External Affairs Minister S.M. Krishna on Monday said India was confident of a positive outcome from the Copenhagen global climate summit. He also called for judicious and sensible use of hydrocarbons that were mainly responsible for global warning.

Addressing the second India-Africa Hydrocarbons Conference here, Mr. Krishna said: “India remains hopeful of success at Copenhagen in achieving an outcome, containing substantive and enforceable commitments which are equitable and supportive of economic growth, especially in developing countries.”


Underlining the importance of Prime Minister Manmohan Singh’s attending the conference, Mr. Krishna said: “India has conceived its response to climate change, as part of a broader strategy for ensuring sustainable development. Our objective is to bring about changes in the kinds of energy we produce and consume, while remaining mindful of our resources constraints, environmental concerns and imperatives of economic development. Let us hope that from the point of view of developing countries, Copenhagen conference will be very helpful in trying to come out with ideas and solutions, which will be helpful for the development of developing countries.”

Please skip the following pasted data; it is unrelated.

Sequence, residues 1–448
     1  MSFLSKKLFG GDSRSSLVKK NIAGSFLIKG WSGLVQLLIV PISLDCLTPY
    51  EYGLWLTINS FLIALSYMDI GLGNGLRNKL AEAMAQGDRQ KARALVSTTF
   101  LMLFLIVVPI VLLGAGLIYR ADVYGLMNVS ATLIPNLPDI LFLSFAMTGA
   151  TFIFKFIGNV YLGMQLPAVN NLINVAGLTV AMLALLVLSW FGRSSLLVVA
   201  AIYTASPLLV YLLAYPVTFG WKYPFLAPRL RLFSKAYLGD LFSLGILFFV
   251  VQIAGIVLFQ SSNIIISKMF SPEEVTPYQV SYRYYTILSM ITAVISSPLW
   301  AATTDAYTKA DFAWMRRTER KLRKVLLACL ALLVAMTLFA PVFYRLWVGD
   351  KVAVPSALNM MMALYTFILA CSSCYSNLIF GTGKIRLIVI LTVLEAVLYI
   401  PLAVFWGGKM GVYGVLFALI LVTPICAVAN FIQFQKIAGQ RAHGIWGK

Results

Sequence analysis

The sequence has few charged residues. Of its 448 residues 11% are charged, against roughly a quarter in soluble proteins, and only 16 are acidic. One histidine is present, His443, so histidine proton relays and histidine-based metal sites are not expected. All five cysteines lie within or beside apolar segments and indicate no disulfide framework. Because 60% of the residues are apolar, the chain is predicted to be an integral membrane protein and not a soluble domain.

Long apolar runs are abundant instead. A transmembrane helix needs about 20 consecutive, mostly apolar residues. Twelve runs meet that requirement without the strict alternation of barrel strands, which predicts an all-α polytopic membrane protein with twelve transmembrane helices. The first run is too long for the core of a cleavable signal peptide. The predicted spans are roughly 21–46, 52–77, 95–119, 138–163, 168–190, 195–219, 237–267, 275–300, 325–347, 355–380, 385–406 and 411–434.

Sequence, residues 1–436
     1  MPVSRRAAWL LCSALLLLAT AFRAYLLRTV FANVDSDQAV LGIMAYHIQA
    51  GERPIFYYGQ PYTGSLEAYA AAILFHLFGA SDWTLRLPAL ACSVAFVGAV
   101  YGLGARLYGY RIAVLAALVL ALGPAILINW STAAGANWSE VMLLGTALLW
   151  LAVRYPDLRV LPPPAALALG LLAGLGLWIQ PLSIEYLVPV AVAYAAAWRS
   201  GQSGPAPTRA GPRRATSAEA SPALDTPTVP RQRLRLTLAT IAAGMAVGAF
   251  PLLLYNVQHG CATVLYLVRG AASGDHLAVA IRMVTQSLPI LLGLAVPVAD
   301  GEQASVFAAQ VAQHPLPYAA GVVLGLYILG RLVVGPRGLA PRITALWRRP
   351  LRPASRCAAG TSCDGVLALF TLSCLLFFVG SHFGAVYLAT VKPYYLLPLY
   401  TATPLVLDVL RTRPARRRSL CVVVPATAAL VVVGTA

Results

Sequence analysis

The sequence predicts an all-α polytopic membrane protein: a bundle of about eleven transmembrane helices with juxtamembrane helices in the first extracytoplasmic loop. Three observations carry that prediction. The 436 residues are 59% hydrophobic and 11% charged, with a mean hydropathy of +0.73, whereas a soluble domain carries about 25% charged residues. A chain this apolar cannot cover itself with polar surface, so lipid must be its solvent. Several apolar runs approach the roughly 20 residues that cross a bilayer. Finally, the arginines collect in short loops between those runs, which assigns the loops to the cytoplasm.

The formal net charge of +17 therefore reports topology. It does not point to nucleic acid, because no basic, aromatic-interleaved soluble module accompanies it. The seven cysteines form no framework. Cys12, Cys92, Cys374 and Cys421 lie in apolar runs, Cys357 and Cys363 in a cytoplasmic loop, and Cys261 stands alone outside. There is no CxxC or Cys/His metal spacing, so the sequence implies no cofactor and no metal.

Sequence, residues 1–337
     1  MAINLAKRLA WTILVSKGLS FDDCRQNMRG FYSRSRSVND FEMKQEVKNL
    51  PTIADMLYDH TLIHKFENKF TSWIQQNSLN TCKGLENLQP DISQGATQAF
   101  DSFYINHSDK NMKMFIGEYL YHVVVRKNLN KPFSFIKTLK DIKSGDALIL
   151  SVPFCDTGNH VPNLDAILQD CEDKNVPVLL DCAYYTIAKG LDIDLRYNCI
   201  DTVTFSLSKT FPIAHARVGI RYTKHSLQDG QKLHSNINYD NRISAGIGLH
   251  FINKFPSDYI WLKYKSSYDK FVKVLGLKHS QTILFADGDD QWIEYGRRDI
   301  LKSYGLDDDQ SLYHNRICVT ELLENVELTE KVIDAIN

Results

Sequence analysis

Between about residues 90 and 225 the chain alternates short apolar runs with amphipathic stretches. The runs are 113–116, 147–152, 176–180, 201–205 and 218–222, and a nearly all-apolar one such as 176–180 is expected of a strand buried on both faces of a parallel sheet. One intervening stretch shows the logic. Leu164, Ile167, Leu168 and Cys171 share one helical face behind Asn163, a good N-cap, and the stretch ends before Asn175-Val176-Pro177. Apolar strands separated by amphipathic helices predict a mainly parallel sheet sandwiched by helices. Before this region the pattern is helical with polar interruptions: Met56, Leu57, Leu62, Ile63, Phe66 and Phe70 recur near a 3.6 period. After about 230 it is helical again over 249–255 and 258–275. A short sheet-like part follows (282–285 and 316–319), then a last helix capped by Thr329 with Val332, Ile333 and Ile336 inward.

Partnership with Africa

Pointing out that India offers a complementary and mutually advantageous hand of partnership to Africa’s hydrocarbon sector, Mr. Krishna said: “Global energy trends suggested that the demand for oil had peaked in the developed world. The new global claimants for oil are now located in Asia, including India, where a rapidly growing economy is driving our demand for energy. India would need to depend upon 90 per cent oil and 60 per cent gas imports by 2030-31. Presently, about 15 percent of India’s crude oil imports came from Africa, but we can do with more.”

Nigeria’s Presidential Adviser on Energy Matters Dr. Emmanuel Egbogah invited Indian companies to operate in the Nigerian oil and gas sector. He expressed confidence that Indian investments in Nigeria would be profitable and would secure India’s energy supply needs.

“Nigeria was undertaking a comprehensive reform of its oil and gas industry and proposed to deregulate its downstream sector. These reforms would create opportunities for foreign companies to take part in the development of the Nigerian and other African economies,” he added.

Petroleum and Natural Gas Minister Murli Deora expressed India’s desire to participate in upcoming exploration and production opportunities in Angola, Ghana, Sudan, Nigeria, Uganda and Cote D’Ivoire. “Our companies are also interested in farm-in opportunities in producing blocks especially in Libya, Algeria and Egypt. In efforts to broad base our activities, ONGC Videsh Limited is discussing setting up of a Greenfield refinery in Nigeria,” he added.

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